On the killing of children

The news is hideous. 298 people died when Malaysian Airlines flight MH17 was shot out of the sky over Ukraine, apparently by pro-Russian separatists. Meanwhile, almost as many people have been killed in Gaza by Israeli air strikes, in response to Hamas firing rockets into Israel.

In both cases, the news reports emphasise the number of children killed. It’s a common journalistic practice that we take for granted, which is actually quite curious.

What is being communicated? Is it that a child’s death is somehow more tragic, because they have not had a chance to properly experience life? If so, what about all the dead adults who have still not achieved their potential?

Or is it because children are weak and unable to protect themselves? If a single child is abused or murdered I can see how that could feel different from the killing of an adult… But when people have been exploded in their seats or in their beds, any calculation about weakness or strength of the victim seems meaningless.

The way in which the deaths of Palestinian children are discussed and reported particularly troubles me, because there is an extra layer of cynicism overlaid across the discourse. It is only when a school or a family home or a group of children on a beach are targeted, that it is suggested that this time, Israel has gone too far. Implicit in this is the idea that if only Palestinian adults had been killed, the air strikes would have been more acceptable. Because Palestinian adults are seen as dispensible.

Or worse: deserving of their fate. An idea that Palestinian adults are fair game, and their lives count for less, because they voted Hamas into power. The kids didn’t vote, and so are less culpable.

So let it be said: Targeting civilian areas is just wrong. An air strike that kills a dozen adults is exactly as bad as one that kills a dozen children.

A life is a life, isn’t it?

And moreover, in a confused, desperate situation like the one in Gaza, we should also consider the idea that the killing of a dozen militants is exactly as bad, too. I would not be surprised if many of the ‘militants’ killed in the recent strikes turn out to be people co-opted or coerced into fighting for Hamas, or family members of terrorists. And I bet a fair number of those taking up arms against the Israeli ground operation, and thus classified as ‘fighters’, are actually children.

Update

Here’s Maya Mikdashi with a similar thought:

I understand the impetus behind the counting of children and female casualties. The killing of innocents in Gaza by Israel’s war machine is a crime. But Palestinian men are victims of Israeli state terrorism too. Let’s not repeat the logic of the war on terror, where only children and women can be victims but men (including boys over 15, sometimes 13) are always suspects and thus somehow they share in the blame of their own death. This is the gendering of the War on Terror: our men and boys are inherently dangerous and are merely the potential for violence encased in human flesh.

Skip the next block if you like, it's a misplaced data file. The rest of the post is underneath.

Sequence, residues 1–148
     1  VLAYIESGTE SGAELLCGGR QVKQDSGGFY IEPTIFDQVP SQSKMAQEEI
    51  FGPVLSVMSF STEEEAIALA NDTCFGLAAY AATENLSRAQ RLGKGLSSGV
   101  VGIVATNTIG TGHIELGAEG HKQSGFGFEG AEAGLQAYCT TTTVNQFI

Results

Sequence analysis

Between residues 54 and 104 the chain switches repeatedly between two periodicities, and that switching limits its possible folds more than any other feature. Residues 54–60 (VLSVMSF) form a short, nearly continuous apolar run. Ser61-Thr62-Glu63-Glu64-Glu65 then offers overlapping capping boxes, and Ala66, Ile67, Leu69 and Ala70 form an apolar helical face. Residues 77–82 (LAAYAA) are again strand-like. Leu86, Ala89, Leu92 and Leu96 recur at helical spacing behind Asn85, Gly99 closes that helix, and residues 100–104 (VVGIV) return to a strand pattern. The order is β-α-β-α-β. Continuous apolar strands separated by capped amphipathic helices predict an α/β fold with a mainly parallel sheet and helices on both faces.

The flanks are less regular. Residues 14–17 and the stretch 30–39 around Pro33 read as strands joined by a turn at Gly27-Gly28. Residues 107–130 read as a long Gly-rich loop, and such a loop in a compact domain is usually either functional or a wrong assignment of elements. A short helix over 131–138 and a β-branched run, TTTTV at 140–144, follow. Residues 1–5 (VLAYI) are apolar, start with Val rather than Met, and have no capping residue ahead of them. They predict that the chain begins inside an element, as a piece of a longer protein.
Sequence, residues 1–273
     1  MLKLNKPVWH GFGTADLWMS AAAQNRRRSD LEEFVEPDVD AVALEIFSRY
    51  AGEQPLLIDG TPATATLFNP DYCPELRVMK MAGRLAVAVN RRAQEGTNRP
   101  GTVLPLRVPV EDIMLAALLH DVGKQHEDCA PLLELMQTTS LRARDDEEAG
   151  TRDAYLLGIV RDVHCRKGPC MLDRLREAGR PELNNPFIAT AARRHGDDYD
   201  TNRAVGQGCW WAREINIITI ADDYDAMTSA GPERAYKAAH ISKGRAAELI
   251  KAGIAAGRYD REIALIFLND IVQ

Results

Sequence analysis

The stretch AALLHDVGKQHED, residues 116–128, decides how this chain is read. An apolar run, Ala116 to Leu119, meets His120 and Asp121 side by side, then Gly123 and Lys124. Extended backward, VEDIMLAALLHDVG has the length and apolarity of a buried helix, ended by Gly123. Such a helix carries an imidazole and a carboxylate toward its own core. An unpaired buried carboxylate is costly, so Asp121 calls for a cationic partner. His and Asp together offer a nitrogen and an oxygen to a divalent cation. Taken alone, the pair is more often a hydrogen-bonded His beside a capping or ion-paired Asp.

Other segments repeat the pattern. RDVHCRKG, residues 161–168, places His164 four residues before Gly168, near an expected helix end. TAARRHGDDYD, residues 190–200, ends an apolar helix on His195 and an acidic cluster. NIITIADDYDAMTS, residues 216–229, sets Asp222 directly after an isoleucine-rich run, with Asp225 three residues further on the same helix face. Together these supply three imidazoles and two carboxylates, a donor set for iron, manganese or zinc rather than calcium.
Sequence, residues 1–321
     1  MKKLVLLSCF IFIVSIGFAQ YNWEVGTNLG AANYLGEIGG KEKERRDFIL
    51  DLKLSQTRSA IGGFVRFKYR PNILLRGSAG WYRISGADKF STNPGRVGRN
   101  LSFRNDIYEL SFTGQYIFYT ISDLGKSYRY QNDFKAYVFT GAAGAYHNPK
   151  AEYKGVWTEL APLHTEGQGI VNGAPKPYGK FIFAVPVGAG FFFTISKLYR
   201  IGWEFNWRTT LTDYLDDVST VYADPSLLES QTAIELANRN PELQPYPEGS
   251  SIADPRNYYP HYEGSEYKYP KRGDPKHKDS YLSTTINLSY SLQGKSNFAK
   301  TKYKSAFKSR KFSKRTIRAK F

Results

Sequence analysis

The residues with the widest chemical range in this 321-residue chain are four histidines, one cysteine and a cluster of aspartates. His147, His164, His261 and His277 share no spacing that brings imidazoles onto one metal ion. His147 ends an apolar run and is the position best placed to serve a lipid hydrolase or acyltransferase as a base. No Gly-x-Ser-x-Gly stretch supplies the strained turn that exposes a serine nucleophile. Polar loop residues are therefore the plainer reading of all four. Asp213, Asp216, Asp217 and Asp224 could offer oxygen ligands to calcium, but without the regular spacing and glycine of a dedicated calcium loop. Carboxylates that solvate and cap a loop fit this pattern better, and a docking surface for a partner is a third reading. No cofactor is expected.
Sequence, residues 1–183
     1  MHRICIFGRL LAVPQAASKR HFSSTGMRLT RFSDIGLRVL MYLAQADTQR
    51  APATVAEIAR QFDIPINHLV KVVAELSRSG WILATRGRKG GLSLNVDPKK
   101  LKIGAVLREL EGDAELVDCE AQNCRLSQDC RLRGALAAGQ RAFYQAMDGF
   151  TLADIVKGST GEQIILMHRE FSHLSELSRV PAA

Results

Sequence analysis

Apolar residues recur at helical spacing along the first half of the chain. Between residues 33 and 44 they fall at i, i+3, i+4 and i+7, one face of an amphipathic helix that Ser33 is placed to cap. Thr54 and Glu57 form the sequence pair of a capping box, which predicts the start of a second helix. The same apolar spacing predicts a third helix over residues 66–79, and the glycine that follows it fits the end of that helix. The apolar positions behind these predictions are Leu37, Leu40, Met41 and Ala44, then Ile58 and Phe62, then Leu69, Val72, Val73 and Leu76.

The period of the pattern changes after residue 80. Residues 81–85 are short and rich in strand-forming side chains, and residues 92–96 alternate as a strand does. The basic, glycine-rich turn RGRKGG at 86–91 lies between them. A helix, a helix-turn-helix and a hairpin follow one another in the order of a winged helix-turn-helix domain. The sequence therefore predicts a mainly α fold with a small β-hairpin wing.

Furthermore, every woman who lives and loves and loses and struggles within Israel’s military occupation and siege is a revolutionary. You do not have to pick up a gun in Gaza to be a revolutionary or an “enemy” of Israel. You just have to be alive and to insist on living. After all, isnt’ that point of settler colonialism?

Another update

Hat-tip² to Abu Noura for the previous link, and another more developed piece by the same author, on ‘gendering Israel’s war on Gaza':

One detail about the dead, however, is repeated often in western-based mass media: the vast majority of murdered Palestinians in Gaza are civilians—and sources say that a “disproportionate” number are women and children. The killing of women and children is horrific—but in the reiteration of these disturbing facts there is something missing: the public mourning of Palestinian men killed by Israel’s war machine. In 1990 Cynthia Enloe[1] coined the term “womenandchildren” in order to think about the operationalization of gendered discourses to justify the first Gulf War. Today, we should be aware of how the trope of “womenandchildren” is circulating in relation to Gaza and to Palestine more broadly. This trope accomplishes many discursive feats, two of which are most prominent: The massifying of women and children into an undistinguishable group brought together by the “sameness” of gender and sex, and the reproduction of the male Palestinian body (and the male Arab body more generally) as always already dangerous. Thus the status of male Palestinians (a designation that includes boys aged fifteen and up, and sometimes boys as young as thirteen) as “civilians” is always circumspect.

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